Microsoft CEO Says AI Should Help People, Not Replace Them
From a technology conference in Munich to the annual World Economic Forum (WEF) gathering of movers and shakers in Davos, Switzerland, Microsoft CEO Satya Nadella has been making the rounds this week to promote his vision of how artificial intelligence (AI) should be used to help, rather than hurt, people.
Speaking yesterday during a "fireside chat" at the DLD digital conference in Germany, Nadella (pictured above) said he believes the key design principle for AI is making sure that the technology augments human capabilities rather than being used to replace people in the workplace and other arenas.
Nadella reiterated those comments today during a panel discussion in Davos about artificial intelligence. Another member of the panel, IBM CEO Ginni Rometty, echoed that view, noting that technology companies need to build a foundation of trust for AI if the technology is to achieve its full potential benefits for society.
Needed: Guidelines for 'Tasteful' AI
"The way at least I have defined AI in simple terms is, we're trying to teach machines to learn so that they can do things that humans do but in turn helps humans," Nadella said yesterday in a talk with Ludwig Siegele, technology editor of The Economist. Steering the technology's development in that way first requires the right design decisions, he said.
A set of guidelines for "tasteful" AI would ensure the technology is used to augment the capabilities of humans rather than replace them, Nadella added. Such guidelines are also needed to ensure that AI supports security and privacy, and is built on algorithms that provide accountability, he said.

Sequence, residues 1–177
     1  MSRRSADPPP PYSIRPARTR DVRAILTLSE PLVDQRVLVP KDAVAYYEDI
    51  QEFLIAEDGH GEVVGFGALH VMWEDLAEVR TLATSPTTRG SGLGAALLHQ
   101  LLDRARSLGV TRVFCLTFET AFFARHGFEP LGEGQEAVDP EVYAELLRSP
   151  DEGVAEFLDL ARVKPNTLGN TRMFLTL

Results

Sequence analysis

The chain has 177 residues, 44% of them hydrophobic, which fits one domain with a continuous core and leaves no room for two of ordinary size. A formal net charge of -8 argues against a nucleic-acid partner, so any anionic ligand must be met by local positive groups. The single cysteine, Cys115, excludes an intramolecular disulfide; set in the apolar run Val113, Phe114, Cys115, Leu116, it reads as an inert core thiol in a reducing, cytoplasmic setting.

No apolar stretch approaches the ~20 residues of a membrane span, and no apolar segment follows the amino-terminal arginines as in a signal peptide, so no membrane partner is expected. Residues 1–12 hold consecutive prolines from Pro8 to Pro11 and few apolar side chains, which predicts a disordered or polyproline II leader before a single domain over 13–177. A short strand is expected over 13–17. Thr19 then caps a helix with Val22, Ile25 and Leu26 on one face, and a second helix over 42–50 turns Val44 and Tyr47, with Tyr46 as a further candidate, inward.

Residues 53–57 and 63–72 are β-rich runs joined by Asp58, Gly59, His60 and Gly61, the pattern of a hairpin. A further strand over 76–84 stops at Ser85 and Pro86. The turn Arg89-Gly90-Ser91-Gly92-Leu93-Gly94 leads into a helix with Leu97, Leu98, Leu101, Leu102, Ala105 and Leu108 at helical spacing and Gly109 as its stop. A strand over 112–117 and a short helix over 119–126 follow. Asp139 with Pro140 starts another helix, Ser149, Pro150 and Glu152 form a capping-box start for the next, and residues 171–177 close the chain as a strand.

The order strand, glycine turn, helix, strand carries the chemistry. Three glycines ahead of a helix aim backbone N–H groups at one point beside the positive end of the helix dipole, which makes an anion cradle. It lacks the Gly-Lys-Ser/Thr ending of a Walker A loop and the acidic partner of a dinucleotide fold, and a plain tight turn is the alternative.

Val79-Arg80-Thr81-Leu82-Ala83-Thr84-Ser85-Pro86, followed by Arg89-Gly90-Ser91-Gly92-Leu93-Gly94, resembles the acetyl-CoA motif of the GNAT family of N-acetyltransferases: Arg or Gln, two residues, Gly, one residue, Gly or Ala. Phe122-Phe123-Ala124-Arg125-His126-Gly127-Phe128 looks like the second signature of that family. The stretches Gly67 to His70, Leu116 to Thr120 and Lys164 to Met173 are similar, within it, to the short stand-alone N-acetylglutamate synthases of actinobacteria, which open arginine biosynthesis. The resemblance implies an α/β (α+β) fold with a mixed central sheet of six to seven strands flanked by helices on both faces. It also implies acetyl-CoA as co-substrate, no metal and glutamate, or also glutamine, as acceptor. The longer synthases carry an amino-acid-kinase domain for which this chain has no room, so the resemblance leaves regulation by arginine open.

Nadella also noted that he wants Microsoft to get "very, very focused" on design decisions and investments that ensure AI is developed along those lines.
Speaking today at the WEF panel, he added that the purpose of artificial intelligence is "to help humans do what they do better, so it's augmentation versus replacement. That's a design choice. I want us to make that decision that it's augmentation."
Not a Choice between 'Man or Machine'
Led by Vista Equity Partners chairman and CEO Robert Smith, today's WEF discussion on artificial intelligence also featured Rometty, MIT Media Lab Director Joichi Ito and HealthTap founder/CEO Ron Gutman.
Rometty said IBM has taken several key lessons from its development of the Watson cognitive computing system. In particular, the company has learned that AI should have a "symbiotic" relationship with humans rather than presenting a choice between "man or machine," she said.
Nadella added that technology companies also need to make democratized AI a priority. For example, Microsoft's Skype translation intelligence is making it possible for 100 people to all communicate with one another in real time while speaking 10 different languages . . . an application he said is "pretty magical." Another Microsoft developer is using AI to build eyeglasses for the visually impaired that can identify people by their faces and even recognize their emotions, Nadella said.
Last week, Harry Shum, executive vice president for Microsoft's artificial intelligence and research group, said the company's recent acquisition of the deep-learning research lab Maluuba will also "help us advance our strategy to democratize AI and to make it accessible and valuable to everyone -- consumers, businesses and developers."